• Crisis Severity ?
    0 Very low
    Very high 5
  • Impact ?
    0 Very low
    Very high 5
  • Humanitarian Conditions ?
    0 Very low
    Very high 5
  • Complexity ?
    0 Very low
    Very high 5
  • Access Constraints ?
    No constraints
    Extreme constraints

Key figures

  • 64,593,000 People affected [?]
  • 11,996,000 People displaced [?]
  • 26,943,000 People in Need [?]



As at February 2022, around 4,990,000 Venezuelans have fled their home country. Considering the deteriorating political and economic situation in the country, there is no indication that the outflow of Venezuelans will lessen in the near future. The Regional Refugee and Migrant Response Plan (RMRP) expects the overall number of Venezuelans fleeing the country to reach 8.90 million by the end of 2022 ?

Many Venezuelans in host countries are in urgent need of food, nutrition, health, and WASH assistance; the exact needs vary depending on the country. Protection assistance – including legal help with documentation to access healthcare and employment – is also needed. A significant number of Venezuelans remain in an irregular situation caused by lack of documentation, long waiting periods, high application fees, and other challenges. These populations are experiencing limited rights and access to services and are vulnerable to exploitation and abuse. As the nationwide crisis continues to unfold, host countries struggle to respond to the influx of Venezuelan migrants. The rising number of people entering neighbouring countries is placing a strain on basic services – particularly in border areas. ?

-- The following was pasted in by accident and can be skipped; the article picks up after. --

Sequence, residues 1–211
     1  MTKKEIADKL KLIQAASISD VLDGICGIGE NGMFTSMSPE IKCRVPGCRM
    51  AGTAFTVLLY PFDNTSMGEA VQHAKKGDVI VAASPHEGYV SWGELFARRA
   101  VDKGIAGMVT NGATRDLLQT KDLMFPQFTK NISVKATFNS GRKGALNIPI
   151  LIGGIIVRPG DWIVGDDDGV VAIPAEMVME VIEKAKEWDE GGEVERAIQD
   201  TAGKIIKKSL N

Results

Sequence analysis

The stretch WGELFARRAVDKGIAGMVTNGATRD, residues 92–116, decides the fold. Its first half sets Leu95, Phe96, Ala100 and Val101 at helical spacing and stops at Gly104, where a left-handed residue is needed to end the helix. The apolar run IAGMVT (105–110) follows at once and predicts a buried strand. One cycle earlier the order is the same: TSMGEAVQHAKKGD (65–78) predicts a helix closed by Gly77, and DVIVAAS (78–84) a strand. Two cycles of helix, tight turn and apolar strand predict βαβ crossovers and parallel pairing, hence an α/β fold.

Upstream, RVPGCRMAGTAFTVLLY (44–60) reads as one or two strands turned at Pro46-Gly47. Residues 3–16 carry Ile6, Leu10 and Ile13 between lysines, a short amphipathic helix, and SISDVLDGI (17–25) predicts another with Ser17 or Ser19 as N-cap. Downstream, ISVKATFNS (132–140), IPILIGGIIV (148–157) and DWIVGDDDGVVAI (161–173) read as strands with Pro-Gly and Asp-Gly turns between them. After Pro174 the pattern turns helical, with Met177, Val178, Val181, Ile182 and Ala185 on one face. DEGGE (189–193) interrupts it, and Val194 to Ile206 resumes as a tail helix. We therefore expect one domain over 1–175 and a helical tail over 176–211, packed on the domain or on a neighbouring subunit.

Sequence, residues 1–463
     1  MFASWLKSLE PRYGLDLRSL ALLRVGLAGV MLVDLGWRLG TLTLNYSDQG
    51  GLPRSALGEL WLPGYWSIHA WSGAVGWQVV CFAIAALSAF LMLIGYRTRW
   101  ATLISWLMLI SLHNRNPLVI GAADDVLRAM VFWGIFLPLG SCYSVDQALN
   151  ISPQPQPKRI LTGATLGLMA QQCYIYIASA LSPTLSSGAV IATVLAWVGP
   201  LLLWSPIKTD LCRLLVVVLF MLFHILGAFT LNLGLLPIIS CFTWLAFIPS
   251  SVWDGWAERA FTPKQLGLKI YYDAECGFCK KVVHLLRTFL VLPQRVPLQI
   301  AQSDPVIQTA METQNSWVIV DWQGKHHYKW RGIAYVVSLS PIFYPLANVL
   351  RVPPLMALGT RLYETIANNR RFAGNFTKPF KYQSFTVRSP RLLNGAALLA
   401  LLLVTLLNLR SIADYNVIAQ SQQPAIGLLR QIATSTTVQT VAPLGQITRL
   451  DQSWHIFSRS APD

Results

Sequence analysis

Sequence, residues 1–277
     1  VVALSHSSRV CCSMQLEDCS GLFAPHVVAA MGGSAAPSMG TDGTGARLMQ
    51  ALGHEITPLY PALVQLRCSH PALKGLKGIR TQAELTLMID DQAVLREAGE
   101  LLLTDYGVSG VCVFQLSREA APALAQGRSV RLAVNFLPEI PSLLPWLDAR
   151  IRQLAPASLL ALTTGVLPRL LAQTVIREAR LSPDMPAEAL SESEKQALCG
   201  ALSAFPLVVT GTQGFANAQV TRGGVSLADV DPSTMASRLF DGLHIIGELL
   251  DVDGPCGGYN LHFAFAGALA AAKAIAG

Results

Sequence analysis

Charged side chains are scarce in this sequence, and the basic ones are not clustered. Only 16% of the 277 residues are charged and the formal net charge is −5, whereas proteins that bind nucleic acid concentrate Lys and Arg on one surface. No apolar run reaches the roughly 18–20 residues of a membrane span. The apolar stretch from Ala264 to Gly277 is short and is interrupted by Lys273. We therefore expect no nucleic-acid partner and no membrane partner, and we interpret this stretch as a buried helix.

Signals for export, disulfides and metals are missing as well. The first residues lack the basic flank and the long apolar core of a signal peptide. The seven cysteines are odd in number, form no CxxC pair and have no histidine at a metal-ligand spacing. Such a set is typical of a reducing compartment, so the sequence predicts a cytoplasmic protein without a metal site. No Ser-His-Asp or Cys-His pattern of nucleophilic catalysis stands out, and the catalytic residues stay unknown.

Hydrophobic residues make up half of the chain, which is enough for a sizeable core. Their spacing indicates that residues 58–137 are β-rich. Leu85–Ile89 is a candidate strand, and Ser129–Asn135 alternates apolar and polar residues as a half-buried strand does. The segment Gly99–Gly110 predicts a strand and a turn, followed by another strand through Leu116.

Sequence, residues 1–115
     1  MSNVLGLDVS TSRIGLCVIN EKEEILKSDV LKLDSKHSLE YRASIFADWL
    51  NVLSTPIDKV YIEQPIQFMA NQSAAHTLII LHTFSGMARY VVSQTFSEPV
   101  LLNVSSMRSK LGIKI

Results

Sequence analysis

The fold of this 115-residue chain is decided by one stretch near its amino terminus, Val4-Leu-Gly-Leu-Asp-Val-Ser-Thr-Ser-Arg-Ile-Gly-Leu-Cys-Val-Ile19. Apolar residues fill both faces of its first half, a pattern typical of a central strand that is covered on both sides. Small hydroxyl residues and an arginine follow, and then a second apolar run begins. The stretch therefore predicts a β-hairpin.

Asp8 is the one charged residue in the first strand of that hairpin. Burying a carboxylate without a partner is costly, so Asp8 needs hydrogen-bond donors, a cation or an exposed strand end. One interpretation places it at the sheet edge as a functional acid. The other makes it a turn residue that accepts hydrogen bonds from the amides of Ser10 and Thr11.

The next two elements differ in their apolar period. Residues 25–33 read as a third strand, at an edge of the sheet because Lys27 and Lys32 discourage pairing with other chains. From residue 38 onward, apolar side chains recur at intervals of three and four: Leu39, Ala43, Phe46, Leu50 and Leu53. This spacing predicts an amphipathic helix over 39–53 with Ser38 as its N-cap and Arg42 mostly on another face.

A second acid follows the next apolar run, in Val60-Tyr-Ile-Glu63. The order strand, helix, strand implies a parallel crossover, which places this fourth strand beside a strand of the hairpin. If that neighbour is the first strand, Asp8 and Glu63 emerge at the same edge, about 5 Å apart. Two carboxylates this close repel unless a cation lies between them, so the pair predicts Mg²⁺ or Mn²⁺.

To respond to the influx of Venezuelan migrants, the RMRP will support and complement national authorities in Latin America and the Caribbean. ?

Latest Developments


No significant recent humanitarian developments. This crisis is being monitored by our analysis team.




The COVID-19 pandemic has led to significant regional population movements in Latin America, both inside countries and across borders. As at November 2020, 4.6 million Venezuelan refugees and migrants – of the total 5.4 million living outside their home country – were hosted within the region. Many Venezuelan refugees and migrants working in the informal economy in Colombia, Brazil, Ecuador, and Peru have lost their livelihoods and face poverty, eviction, food insecurity, and increased protection risks. As a result, a growing number of Venezuelans are returning to their home country. Dependency on humanitarian assistance has increased among the migrants who remain in host countries. There have also been cases of xenophobia and stigmatisation against Venezuelan migrants. This prejudice is associated with the perception that their migrant status leads to a higher risk of spreading COVID-19. ?